Ceiling,Cabinets, and Social Distancing updates

St. Patrick’s day is my favorite holiday. I avoided working this day for at least the first ten years of my career. I celebrated with hiking and skiing followed by apres hiking and skiing. More recently, I have hosted St. Patrick’s day picnics. Last year’s was complete with a casual Irish music session, kids Easter egg hunt, and plenty of Guinness.

We planned ahead this year and picked up a few cases of Guinness. Now we may be among a small group of people that currently have a bigger supply of Guinness than toilet paper.

CD and the kids embraced the holiday by delivering Guinness and paper shamrocks to friends’ and neighbors’ porches.

The Sprinter project is making slow but steady progress. CD offered me a guided tour. He also offered to write the following update.

Per CD:

After reading Sprinter-forum obsessively and debating every detail, I ordered t-slot aluminum for the rails. The rails will be used to mount the cabinets. The ceiling will be split into multiple sections. The panels will be removable so that solar can be added if needed. I am non-committal, so locking myself in by ordering materials was a big step.

I took an even bigger leap when I drilled holes in the ceiling ribs for the first series of rivnuts. I did most of them yesterday but one more today, which required temporarily displacing the hoses for the rear A/C unit. I thought it might make a useful video, so Molly took some footage so I could hold hoses and drill at the same time.

As it turned out, drilling out the rivnut wasn’t nearly as effective as shearing off the flange with an old chisel and hammer. The rivnut started to spin after being drilled a bit, making the drilling no longer an option but only a source of high-pitched squealing.

I spent a fair amount of time fishing insulation through the smaller bits of the van recently and this made it much easier to get the half of the rivnut that was left inside the beam. It probably would’ve been even more useful if I had just taped a piece of string to it so I could have just pulled it out after it was free.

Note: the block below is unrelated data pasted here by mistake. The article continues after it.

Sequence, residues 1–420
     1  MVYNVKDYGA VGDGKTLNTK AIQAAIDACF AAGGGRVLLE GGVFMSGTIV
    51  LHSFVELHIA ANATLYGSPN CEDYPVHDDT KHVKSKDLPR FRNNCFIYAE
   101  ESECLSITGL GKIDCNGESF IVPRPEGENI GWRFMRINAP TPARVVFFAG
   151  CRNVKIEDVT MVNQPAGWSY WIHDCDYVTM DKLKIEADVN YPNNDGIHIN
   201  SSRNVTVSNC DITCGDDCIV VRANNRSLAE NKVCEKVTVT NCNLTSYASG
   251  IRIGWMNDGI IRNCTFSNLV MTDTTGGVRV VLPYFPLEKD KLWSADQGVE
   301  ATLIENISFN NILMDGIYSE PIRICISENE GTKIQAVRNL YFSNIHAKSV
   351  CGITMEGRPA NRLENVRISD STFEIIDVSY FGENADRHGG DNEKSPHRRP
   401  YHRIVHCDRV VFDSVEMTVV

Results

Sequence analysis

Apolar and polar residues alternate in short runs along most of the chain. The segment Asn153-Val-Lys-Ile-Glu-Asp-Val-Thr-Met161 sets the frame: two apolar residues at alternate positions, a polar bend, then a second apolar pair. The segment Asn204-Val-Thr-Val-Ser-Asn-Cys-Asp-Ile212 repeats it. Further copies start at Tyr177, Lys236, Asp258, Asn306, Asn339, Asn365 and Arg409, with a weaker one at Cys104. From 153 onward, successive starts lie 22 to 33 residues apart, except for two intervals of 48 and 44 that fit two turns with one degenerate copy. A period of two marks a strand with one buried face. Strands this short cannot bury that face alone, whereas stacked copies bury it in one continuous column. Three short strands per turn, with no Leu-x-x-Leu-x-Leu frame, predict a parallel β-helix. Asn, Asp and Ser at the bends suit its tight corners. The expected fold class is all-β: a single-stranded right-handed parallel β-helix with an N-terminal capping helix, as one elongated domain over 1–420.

I also recommend (per a comment on Sprinter-Forum) using a neodymium magnet to catch the shavings as you drill holes. It’s significantly decreases the mess. I placed one next to the drill bit on most of holes and it caught a most all the shavings.

In any case, progress is being made. Video and pictures to follow.

Stay home. Stay healthy. Slainte.

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Ceiling,Cabinets, and Social Distancing updates

St. Patrick’s day is my favorite holiday. I avoided working this day for at least the first ten years of my career. I celebrated with hiking and skiing followed by apres hiking and skiing. More recently, I have hosted St. Patrick’s day picnics. Last year’s was complete with a casual Irish music session, kids Easter egg hunt, and plenty of Guinness.

We planned ahead this year and picked up a few cases of Guinness. Now we may be among a small group of people that currently have a bigger supply of Guinness than toilet paper.

CD and the kids embraced the holiday by delivering Guinness and paper shamrocks to friends’ and neighbors’ porches.

The Sprinter project is making slow but steady progress. CD offered me a guided tour. He also offered to write the following update.

Per CD:

After reading Sprinter-forum obsessively and debating every detail, I ordered t-slot aluminum for the rails. The rails will be used to mount the cabinets. The ceiling will be split into multiple sections. The panels will be removable so that solar can be added if needed. I am non-committal, so locking myself in by ordering materials was a big step.

I took an even bigger leap when I drilled holes in the ceiling ribs for the first series of rivnuts. I did most of them yesterday but one more today, which required temporarily displacing the hoses for the rear A/C unit. I thought it might make a useful video, so Molly took some footage so I could hold hoses and drill at the same time.

As it turned out, drilling out the rivnut wasn’t nearly as effective as shearing off the flange with an old chisel and hammer. The rivnut started to spin after being drilled a bit, making the drilling no longer an option but only a source of high-pitched squealing.

I spent a fair amount of time fishing insulation through the smaller bits of the van recently and this made it much easier to get the half of the rivnut that was left inside the beam. It probably would’ve been even more useful if I had just taped a piece of string to it so I could have just pulled it out after it was free.

I also recommend (per a comment on Sprinter-Forum) using a neodymium magnet to catch the shavings as you drill holes. It’s significantly decreases the mess. I placed one next to the drill bit on most of holes and it caught a most all the shavings.

In any case, progress is being made. Video and pictures to follow.

Stay home. Stay healthy. Slainte.

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